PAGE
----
1.What is a ‘controller’? Where are its application areas?
A controller is an instrument used for controlling a process variable (measurement). Its continuously monitors the error signal and gives a corrective output to the final control element.
2.Explain the following terms in a controller?
Measurement variable: It is the demand variable measured and controlled.
Desired Variable: it is the demand signal (setpoint) to which the process variable is controlled.
Deviation: it is the error signal caused by the difference between the measurement and the demand signal.
Output: It is the corrective signal from the controller to the final control element.
3.Explain what is ‘direct action’ and ‘reverse action’ on a controller?
Direct action : In a direct acting controller, the output increases when the process measurement (variable) increases.
Reverse action : In a reverse action controller, the output decreases when the process measurement (variable) increases.
4.What is a gap controller?
A controller whose output changes from ;minimum to maximum (on-off) and vice-versa when the error signal (deviation) exceeds the set gap depending on the controller action.
5.What is a ‘proportional band’? Explain with an example?
It is the range in percentage for which the controller output changes proportionally from minimum to maximum and vice-versa when the measurement deviates from the setpoint.
For example: A controller set at 50% proportional band
The controller output changes from minimum to maximum and vice-versa when the measurement exceeds 25% either side of the setpoint depending on the controller action.
6.What is a ‘gain’? Write the relation (formula) between a gain and proportional band?
A controller ‘gain’ is inversely proportional to its proportional band.
. g = (1/p)*100
. g = gain
. P = proportional band
7.What is a ‘reset action’? Explain with an example?
Reset action in a controller is the integration of the proportional action by the set period. The reset action repeats the proportional action’s output per the reset time set, until the error signal becomes zero or the output gets saturated.
For example :if the reset action is set for 30 sec.
For a 0.5 volt correction output ;by the proportional action will be repeated by the reset action every 30 secs., until the error signal becomes zero or the output gets saturated.
8.What is a ‘batch’ facility on a controller?
Whenever a deviation persists for a long time the controller output saturates at the maximum of minimum output (-2.5 VDC or + 12.5 VDC/0 kPa or 140 kPa) depending on the controller action. In a normal controller when the process reverts to normal the output takes its time to come into control range.
In a batch controller the output reverts to the control limit (0VDC OR 10.00V DC 20 kPa or 100 kPa) as soon as the deviation enters the batch limits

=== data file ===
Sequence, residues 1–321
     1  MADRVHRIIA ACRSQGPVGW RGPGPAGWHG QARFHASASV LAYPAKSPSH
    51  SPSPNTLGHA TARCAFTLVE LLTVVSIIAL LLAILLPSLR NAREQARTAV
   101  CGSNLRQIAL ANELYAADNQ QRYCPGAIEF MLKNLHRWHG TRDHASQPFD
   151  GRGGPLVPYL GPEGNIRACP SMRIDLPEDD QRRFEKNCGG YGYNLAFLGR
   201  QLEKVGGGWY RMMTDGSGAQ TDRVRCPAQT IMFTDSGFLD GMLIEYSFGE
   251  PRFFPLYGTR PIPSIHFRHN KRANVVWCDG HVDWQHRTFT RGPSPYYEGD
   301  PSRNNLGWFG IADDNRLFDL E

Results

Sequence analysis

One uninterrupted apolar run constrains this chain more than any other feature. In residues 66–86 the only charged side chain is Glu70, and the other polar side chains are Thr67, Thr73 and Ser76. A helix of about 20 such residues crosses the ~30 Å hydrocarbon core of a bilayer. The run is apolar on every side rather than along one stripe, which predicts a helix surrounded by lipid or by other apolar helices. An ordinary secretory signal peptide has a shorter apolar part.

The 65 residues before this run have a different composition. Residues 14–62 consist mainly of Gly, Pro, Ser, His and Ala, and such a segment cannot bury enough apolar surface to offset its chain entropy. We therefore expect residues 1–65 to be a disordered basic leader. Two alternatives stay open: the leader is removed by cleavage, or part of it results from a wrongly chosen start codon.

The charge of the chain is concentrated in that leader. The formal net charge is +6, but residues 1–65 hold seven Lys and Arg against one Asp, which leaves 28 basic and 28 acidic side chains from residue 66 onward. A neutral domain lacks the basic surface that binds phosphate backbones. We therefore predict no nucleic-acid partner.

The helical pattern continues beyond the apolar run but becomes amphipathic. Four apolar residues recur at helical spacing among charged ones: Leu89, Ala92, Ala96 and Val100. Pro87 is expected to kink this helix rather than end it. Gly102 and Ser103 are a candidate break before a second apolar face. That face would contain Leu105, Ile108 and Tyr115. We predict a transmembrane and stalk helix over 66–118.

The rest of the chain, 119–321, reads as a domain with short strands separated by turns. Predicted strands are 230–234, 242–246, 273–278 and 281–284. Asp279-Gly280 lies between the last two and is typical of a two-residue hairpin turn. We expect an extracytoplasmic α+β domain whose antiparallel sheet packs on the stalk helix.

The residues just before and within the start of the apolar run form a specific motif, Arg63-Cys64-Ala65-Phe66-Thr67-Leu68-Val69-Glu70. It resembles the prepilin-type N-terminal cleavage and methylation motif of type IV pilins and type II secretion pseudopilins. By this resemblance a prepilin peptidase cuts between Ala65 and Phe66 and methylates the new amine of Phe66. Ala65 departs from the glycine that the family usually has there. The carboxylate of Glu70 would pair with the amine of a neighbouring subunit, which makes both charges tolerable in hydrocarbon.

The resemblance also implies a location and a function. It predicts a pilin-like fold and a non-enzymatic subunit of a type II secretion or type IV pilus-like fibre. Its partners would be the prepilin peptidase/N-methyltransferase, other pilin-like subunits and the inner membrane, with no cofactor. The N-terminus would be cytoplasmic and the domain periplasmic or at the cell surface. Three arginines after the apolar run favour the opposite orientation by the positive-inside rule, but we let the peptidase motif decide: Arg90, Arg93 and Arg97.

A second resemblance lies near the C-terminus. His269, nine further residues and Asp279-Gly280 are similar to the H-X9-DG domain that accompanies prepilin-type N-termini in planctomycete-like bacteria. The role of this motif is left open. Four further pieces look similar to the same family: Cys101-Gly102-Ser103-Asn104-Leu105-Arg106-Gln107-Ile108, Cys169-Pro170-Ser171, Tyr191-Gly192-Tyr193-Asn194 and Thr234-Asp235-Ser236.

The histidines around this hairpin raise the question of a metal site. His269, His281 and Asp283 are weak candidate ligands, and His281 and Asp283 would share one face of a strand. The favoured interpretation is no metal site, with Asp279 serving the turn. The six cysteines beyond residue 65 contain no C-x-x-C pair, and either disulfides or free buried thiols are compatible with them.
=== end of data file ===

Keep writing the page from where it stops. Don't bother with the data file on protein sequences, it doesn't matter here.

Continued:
9.What will be the output (increases or decreases) of a direct action controller when the process goes above the setpoint?
In a direct acting controller, the controller output increases when the process (measurement) goes above the setpoint)
10.What will be the output of a reverse acting controller when the process changes from 50% to 75% where the proportional band is set at 50%, setpoint is set at 50%?
The controller output will be zero.
11.What is a ‘bump-less transfer’ in a controller’s auto/manual change over?
‘Bump-less transfer’ is to eliminate the change in the controller’s output when the controller is changed from auto to manual control and vice-versa.
12.Explain how to change a controller from auto to manual and vise-versa?
Pneumatic controllers : While taking the controller from auto to manual, the manual output is to be balanced to the auto output and then transfer the auto-manual switch to manual. While changing the controller from manual to auto, the controller setpoint is matched to the manual output and then auto-manual switch is transferred.
Electronic controllers : Auto to manual control may be transferred directly as the electronic circuit keeps the auto and manual output matched. But while changing the controller from manual to auto, the controller setpoint is to match to the process variable and then auto-manual switch is transferred.
13.What type of controller (P, PI, PID) is preferred on the following process control loops?
Pressure: If the load change is minimum, then a proportional controller is suitable. If a frequent load change is expected then a Proportional + Integral controller is preferred.
Level : Normally a proportional controller is preferred.
Flow: Proportional + Integral controller is preferred
Temperature: Proportional + Integral + Derivative controller is preferred
14.Why is there a direct and reverse action on a controller when the control valves are already having direct (air fail to close)/reverse(air fail to open) actions”?
The type of control valve action requirement on a process line, depends on the protection required on the upstream or downstream of the control valve incase of an air failure. Depending on the control valve action, the controller action has to be set to control the process.
For example :
Station back pressure control valve is reverse acting and its controller is set for reverse acting. If there is an air failure the control valve opens fully and prevents the separator from high pressure. If the separator gas pressure goes below the setpoint the controller output goes high and keeps the control valve closed.
Separator level control valve is direct acting and its controller is set for direct acting. If ;there is an air failure, the control valve closes fully and prevents the surge tank from high pressure. If the separator level goes below the setpoint the controller output goes low and keeps the control valve closed.
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